It's been a dark few days for the world of fundraising, what with government ministers and others tossing about words like "vile", "disgusting," "grotesque" and "immoral" in connection with telephone fundraising and the likes of Dame Hilary Blume being reported as saying: "I'd like to dismiss all the people who are in charge of these big fundraising operations."
Nuanced it has not been.
We're nice people, fundraisers, or so I like to think. We've chosen to work in a field which is all about connecting people with causes that can make a difference to their lives and the lives of other people in society. We care about that. We want to do the right thing by donors and by beneficiaries.
This week, our official voice, the Institute of Fundraising has been unequivocal in damning bad practice - even if it takes place in third party agencies - and welcoming a stronger self regulatory framework. I doubt any fundraiser would argue with that: no one wants vulnerable people to be exploited or abused and many charities were set up to prevent that very thing.
We care about the people who support our causes and of course we want to add to their number. Who wouldn't? But we don't want to do it at any price. Our donors are part of of who we are and we want them to stick with us on our shared journey.
So I don't disagree with putting a more robust framework in place. That's a good thing. But I do disagree with the way in charities have been attacked without recognition of the massive contribution that charities make to our social cohesion and to the wellbeing of most households in the UK.
The outpouring of moral outrage, the mudslinging and extreme expressions do nothing but damage the voluntary sector as a whole, and public confidence in giving. It also gives a hugely false impression of what most charities are like. As in the business community, the vast majority of charities are SMEs. We're the local hardware shop not the B&Q. In Scotland alone there are more than 23,000 registered charities and well over half have an income of less than £25,000.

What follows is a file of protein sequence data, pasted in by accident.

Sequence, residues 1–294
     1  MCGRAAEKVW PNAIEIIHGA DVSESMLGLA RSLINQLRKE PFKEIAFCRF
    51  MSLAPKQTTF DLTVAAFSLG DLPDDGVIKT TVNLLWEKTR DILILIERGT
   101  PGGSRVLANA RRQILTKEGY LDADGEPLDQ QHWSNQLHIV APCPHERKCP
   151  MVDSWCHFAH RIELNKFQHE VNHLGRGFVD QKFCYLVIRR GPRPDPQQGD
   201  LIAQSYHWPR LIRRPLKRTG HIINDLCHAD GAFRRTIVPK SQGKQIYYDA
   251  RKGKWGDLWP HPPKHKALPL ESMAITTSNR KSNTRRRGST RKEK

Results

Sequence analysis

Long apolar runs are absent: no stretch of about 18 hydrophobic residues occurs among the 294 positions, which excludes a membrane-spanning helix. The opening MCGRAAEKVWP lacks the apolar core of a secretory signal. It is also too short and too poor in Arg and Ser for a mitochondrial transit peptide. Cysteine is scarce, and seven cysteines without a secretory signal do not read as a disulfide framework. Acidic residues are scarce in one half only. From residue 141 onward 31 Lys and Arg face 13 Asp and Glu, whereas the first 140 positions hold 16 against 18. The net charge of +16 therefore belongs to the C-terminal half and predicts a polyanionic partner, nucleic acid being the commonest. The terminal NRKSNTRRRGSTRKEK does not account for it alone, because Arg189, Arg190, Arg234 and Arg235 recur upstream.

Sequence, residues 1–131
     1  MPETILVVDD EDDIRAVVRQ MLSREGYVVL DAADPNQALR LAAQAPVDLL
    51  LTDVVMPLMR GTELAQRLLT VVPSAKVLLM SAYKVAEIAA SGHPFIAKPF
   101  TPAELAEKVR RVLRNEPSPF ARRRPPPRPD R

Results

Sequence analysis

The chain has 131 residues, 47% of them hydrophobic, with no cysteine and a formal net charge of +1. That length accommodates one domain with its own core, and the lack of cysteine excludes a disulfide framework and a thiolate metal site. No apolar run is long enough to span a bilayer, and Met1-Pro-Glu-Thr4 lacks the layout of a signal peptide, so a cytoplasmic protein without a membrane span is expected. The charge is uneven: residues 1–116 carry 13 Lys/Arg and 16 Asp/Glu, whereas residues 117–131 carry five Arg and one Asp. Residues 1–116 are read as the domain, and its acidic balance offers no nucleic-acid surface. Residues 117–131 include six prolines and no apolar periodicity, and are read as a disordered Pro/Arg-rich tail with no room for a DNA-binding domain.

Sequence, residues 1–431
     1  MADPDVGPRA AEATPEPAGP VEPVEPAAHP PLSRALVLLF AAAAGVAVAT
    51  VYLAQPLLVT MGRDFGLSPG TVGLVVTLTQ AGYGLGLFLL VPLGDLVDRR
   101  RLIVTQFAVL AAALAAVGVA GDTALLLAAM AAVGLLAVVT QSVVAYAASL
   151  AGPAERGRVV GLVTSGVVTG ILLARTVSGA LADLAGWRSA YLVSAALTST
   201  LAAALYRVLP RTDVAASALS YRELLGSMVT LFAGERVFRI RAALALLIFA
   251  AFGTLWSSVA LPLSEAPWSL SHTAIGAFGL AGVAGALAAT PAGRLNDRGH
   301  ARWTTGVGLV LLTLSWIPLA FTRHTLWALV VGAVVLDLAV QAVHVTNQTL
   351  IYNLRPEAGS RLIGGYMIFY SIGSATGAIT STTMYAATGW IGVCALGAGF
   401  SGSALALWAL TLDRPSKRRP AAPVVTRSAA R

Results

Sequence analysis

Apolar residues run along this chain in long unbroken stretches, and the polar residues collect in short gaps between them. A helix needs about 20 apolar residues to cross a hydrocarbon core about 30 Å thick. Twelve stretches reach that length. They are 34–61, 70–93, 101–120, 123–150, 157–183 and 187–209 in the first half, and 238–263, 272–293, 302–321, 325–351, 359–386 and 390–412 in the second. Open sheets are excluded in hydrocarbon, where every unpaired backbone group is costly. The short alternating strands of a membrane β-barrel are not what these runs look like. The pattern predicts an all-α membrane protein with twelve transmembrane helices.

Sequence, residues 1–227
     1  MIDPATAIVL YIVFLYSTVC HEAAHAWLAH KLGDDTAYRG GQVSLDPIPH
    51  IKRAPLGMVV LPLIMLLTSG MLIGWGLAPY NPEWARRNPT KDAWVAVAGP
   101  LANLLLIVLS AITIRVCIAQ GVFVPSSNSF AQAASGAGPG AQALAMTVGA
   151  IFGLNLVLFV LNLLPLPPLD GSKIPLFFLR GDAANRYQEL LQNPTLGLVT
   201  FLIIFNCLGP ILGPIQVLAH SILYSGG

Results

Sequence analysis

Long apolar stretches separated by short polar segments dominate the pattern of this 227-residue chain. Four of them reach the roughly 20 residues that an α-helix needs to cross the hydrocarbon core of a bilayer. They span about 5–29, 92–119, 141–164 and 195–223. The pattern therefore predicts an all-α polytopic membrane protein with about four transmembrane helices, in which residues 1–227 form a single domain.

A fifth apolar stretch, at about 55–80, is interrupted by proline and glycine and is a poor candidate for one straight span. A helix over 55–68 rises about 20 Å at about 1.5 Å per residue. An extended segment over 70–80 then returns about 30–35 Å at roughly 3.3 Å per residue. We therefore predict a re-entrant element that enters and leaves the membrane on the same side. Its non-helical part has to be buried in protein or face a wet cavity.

Call centres, face-to-face, door-to-door fundraising techniques - these are beyond the reach of most charities in the UK, but the damage from the recent media attacks will affect confidence in us all.
Don't get me wrong, this isn't a finger pointing exercise at big charities or a suggestion that any of the above mentioned fundraising techniques are wrong. I've had bad and GREAT experiences of being called. I've signed up to a direct debit after being asked by a smiley on-street fundraiser on a sunny day. I've given via a door-to-door fundraiser to a charity I admired but had never before supported because I had never before been asked - until that fundraiser knocked on my door. I didn't mind. I was glad that it was made so easy for me to donate.
Big charities are grappling with big problems - and that can require a big fundraising operation.
As with all things, these fundraising techniques can be executed really well or really badly. Let's not throw the baby out with the bathwater and suggest they are all bad. and should be banned. It's simply not true and it's a tragedy for the many great agencies out there who have a strong values base and are working hard to help charities secure vital funds as cost effectively as possible.